Professor Donald Elder: Washington’s Generals – Nathanael Greene

Oct 28, 2017 by

An Interview with Professor Donald Elder: Washington’s Generals- Nathanael Greene

Michael F. Shaughnessy –

  1. Professor Elder, as we study the American Revolution, and the generals and heroes who assisted George Washington, I at least see two trends. Some of the generals were Quakers, and some were masons. We will discuss each of these issues as we traverse our study of Washington’s Generals. Today, we look at Nathanael Greene, who apparently was born a Quaker and walked with a severe pronounced limp.  What do we know about his childhood?

While most History books refer to him as “Nathaniel” Greene, his parents actually named him Nathanael Greene. Interestingly, his father had the same name, but did not name his son Nathanael Greene Jr. The Nathanael Greene that would become an American general during the Revolutionary War was born on July 27, 1742 on a farm located near Warwick, Rhode Island. A well to do man, the senior Nathanael Greene could have easily afforded to send his son to school, but chose not to. This decision stemmed from the fact that the senior Greene belonged to the Society of Friends (better known to most people as the Quakers), and his branch of the faith felt that members should not pursue education simply for the sake of learning. For that reason, the younger Nathanael Greene had to teach himself subjects like mathematics. He also began to read History books, especially ones that focused on military matters. This put him further at odds with his faith, because Quakers practiced pacifism.

Greene’s interest in the military inspired him in 1774 to enlist in a Rhode Island militia unit. Because of his prominent position in society, Greene assumed that he would become an officer in that unit, but he did not receive such an appointment. Although given no reason at the time, Greene felt that the slight might have resulted from the fact that he suffered from what we would call today a frozen knee. This condition forced him to limp, and this probably affected the way that others perceived him. Rather than leave the militia because of this, Greene simply agreed to serve as a private. His status soon changed, however.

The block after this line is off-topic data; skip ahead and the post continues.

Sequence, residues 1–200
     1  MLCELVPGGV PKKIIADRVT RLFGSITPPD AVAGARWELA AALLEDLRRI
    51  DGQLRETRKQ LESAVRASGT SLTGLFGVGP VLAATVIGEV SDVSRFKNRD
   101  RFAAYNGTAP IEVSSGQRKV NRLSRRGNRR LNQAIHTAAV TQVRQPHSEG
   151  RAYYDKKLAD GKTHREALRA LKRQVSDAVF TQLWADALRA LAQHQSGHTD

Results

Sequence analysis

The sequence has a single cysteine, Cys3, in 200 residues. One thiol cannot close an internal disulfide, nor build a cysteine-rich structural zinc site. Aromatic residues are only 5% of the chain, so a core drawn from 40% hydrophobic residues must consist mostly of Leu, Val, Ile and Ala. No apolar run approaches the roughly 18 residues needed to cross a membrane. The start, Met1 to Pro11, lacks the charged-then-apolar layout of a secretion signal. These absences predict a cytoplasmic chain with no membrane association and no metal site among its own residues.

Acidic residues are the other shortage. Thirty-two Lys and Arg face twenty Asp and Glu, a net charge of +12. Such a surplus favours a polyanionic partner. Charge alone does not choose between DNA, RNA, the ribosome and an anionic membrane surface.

After the Battles of Lexington and Concord, the Rhode Island legislature authorized the formation of an “Army of Observation,” and ordered it to proceed to Boston. For reasons which remain unclear, the legislature made Greene the major general of its militia. Few individuals in history have ever gone from private to general, as Greene did. In a similar fashion, few Quakers gave up their pacifist beliefs to fight for the American cause, as Greene did. He is therefore a very unique figure in our nation’s history.

2. Washington apparently thought highly of Greene, giving him control of the city of Boston. How did this come about?